European regulators have confirmed they are in "constructive dialogue" with the Pakistan Civil Aviation Authority (PCAA) over PIA - Pakistan International Airlines (PK, Islamabad International) resuming flights to the European Union after it was banned from the bloc in 2020 following a scandal over fake pilot licenses. A spokeswoman for the European Union Aviation Safety Agency informed ch-aviation: "EASA and the European Commission are in constructive dialogue with the Pakistan CAA. A visit to Pakistan by an EASA team will depend on the progress of those discussions". This followed numerous media reports that a remote audit of PIA by EASA a few months ago would be followed by an on-site audit of the airline and the PCAA in September 2023. EASA banned the Pakistani flag carrier from EU airspace on July 1, 2020, over a fake pilot license scam at the airline. UK and US aviation regulators followed suit. The scandal was revealed following a parliament inquiry into the crash of a PIA A320-200 at Karachi International on May 22, 2020, which questioned the legality of the credentials of almost a third of all pilots trained in Pakistan. This resulted in 262 of Pakistan's 860 pilots being grounded, including 141 of PIA's 434.
Meanwhile, Pakistan Aviation Minister Khawaja Saad Rafique has suggested that PIA may resume flights to the UK in the next three months after the country's National Assembly on July 20, 2023, unanimously passed two new bills - the Pakistan Civil Aviation Bill (2022) and the Pakistan Airports Authority Bill (2022). They bifurcate the role of the CAA - one for regulating civil aviation activities and the other for providing civil aviation services and developing aviation infrastructure. They also facilitate the outsourcing of three national airports for a specified period to lift standards to international levels. These include Islamabad International, Lahore International, and Karachi International. Speaking in the National Assembly, Rafique said the bills marked an important step towards ensuring compliance with international civil aviation standards and revitalising the national carrier by enabling its return to the US, UK, and Europe. He said the flight bans cost PIA PKR70 billion rupees (USD242.7 million) monthly in lost revenue.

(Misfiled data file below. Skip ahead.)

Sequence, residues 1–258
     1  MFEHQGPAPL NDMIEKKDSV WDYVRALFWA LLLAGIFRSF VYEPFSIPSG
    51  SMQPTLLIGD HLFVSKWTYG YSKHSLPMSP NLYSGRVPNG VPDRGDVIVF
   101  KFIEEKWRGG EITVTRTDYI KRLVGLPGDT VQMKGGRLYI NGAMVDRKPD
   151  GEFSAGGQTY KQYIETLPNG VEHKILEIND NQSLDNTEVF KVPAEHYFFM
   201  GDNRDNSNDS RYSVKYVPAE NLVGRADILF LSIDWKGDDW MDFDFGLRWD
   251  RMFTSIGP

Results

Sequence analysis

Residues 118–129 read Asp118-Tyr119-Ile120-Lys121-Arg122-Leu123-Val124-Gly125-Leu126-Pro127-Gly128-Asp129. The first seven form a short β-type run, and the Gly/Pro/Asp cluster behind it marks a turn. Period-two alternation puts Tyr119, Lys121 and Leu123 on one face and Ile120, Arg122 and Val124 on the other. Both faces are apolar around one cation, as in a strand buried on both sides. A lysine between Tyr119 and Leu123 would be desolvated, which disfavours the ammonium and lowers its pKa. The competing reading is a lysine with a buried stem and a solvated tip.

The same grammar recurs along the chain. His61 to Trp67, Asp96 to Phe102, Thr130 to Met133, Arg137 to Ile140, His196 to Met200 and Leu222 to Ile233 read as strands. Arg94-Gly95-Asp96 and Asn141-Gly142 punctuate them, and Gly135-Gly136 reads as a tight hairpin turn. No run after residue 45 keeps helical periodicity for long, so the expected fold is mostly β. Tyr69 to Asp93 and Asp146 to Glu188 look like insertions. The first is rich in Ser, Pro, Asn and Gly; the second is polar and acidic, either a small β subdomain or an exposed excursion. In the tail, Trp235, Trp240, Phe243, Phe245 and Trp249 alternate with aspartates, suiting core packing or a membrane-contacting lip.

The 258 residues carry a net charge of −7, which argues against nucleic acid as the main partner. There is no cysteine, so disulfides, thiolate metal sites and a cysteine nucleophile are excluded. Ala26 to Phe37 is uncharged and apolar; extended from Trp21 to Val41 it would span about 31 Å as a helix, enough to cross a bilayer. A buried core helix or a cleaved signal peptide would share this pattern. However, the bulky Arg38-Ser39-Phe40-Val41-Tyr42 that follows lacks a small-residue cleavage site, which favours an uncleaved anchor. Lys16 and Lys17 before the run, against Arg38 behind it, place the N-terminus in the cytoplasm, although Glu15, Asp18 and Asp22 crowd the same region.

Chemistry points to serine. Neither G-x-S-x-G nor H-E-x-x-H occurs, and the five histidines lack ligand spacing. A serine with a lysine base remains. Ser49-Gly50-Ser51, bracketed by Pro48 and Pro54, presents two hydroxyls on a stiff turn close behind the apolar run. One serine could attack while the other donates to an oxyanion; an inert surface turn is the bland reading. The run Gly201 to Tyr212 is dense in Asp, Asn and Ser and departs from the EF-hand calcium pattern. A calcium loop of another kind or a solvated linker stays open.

"Yesterday's legislation also removed the last hurdle to PIA starting flights to the UK and other countries," he announced on Twitter afterwards. According to Reuters, he earlier told Parliament: "God willing, the PIA flights will resume at least to the UK in three months, and, later, flights to Europe and America will resume". "The time has come to make hard, true and right decisions," Rafique tweeted. "If there is to be progress, the best practices of the world have to be adopted. If PIA is not restructured, it may shut down in one and a half years," he warned. Citing examples such as South African Airways (SA, Johannesburg O.R. Tambo) and Air India (AI, Mumbai International), he said PIA should be semi-privatised. "We also have to hand over the operation of PIA to the private sector to make it a top-class airline," he said. "I was against privatisation. But even a person like me has now realised that if PIA [which is] facing a loss of PKR80 billion (USD277 million) this year remains as it is, its loss will balloon to PKR259 billion (USD898 million) by the year 2030," he was cited by Pakistan's Dawn newspaper.
"Can Pakistan afford this? No, it can't. So what should be done? What South African Airways and Air India have done," he said, referring to the Tata Group in India having recently ordered 450 aircraft for Air India. For its part, PIA only had 27 or 28 operational aircraft making it uncompetitive against the powerful Gulf carriers, he remarked. Rafique also disclosed a plan to convert PIA into a holding company. He said a PKR742 billion (USD2.5 billion) loan liability and all the properties owned by PIA would be transferred to this company. Regarding the outsourcing of airports, the minister clarified that it is not tantamount to privatisation. He assured that no employees would be retrenched and that all employment benefits would remain available. He said outsourcing aimed to improve airport operations by engaging specialist operators.